The National Agency for Food and Drug Administration and Control says mobile authentication of all drugs is not possible for now.
The Director-General of NAFDAC, Prof. Moji Adeyeye, said this in a statement on Friday.
The statement was in response to a call by the House of Representatives, that the Consumer Protection Council and the Standards Organisation of Nigeria should use the Mobile Authentication Scheme to detect counterfeit medicines.
Adeyeye noted that the scheme was first used by NAFDAC in 2010 as tool to curb the menace of substandard and falsified medical products.
She noted that the medicines identified for implementation and enforcement in the first stage of the MAS scheme were anti-malaria and anti-bacteria in nature.
The NAFDAC boss said these classes of medicines were selected as a result of the high incidence of counterfeiting and the impact on public health.
Adeyeye, however, said the scheme was not fully implemented by all relevant stakeholders despite several enforcement deadlines issued by NAFDAC for compliance.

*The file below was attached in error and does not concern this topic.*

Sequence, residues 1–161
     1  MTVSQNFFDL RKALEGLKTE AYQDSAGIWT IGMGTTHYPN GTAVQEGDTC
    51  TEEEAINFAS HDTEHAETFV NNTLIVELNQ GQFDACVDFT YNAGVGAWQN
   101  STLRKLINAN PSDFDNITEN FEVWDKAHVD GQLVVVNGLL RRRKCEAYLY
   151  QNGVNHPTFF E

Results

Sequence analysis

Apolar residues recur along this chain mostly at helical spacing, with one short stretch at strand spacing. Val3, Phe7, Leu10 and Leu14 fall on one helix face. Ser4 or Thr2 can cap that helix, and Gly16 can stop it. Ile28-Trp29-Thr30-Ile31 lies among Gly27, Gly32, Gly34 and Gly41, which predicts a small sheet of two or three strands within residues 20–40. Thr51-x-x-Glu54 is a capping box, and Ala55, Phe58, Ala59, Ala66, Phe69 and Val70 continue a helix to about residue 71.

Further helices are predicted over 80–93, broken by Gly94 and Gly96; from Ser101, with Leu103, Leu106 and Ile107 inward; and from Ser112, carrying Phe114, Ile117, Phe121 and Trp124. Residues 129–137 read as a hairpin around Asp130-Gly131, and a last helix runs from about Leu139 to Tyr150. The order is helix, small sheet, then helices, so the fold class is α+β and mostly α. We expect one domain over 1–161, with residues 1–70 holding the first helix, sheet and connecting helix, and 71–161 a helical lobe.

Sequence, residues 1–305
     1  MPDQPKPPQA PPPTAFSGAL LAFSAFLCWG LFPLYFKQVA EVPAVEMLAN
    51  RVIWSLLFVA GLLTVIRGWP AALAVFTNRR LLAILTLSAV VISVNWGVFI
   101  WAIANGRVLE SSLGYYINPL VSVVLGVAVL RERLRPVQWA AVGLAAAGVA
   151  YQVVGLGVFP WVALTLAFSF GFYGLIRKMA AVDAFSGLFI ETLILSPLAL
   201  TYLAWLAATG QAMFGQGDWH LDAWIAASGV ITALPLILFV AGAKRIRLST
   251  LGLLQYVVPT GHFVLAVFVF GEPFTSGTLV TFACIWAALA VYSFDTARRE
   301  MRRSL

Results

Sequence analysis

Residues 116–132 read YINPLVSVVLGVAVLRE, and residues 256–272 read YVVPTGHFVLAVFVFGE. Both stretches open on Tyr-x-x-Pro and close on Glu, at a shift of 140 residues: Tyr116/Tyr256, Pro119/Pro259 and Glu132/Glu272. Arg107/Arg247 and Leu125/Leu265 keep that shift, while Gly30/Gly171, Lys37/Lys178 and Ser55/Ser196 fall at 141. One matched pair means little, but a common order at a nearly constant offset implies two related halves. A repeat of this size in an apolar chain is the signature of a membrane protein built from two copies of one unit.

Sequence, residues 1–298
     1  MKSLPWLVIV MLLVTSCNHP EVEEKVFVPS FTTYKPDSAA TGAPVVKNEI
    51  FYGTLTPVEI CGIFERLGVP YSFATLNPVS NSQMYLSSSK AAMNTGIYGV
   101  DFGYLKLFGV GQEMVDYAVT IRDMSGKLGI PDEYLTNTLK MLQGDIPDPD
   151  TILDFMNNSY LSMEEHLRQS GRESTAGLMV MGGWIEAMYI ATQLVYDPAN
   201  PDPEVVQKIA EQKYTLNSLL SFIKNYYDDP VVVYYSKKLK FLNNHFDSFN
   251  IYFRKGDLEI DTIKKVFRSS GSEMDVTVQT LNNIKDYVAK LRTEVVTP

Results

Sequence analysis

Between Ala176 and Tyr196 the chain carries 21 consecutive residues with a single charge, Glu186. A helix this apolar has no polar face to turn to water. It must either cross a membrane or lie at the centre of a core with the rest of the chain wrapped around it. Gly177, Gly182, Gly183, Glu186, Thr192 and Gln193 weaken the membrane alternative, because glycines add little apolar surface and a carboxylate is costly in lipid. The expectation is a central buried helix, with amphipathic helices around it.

She said, “The suggestion by the Speaker to use MAS for all drugs regulated by NAFDAC is noble, and in line with the agency’s ultimate agenda. However, a lot of staffing and funding will be needed for full implementation.
“The limited authentication that is being undertaken currently for the two classes of drugs by NAFDAC sometimes result in overwhelming calls to the drug information specialists at NAFDAC secretariat. Considering the fact that NAFDAC has over 11,000 registered drug products, the manpower that will be needed to authenticate all drugs will be enormous.”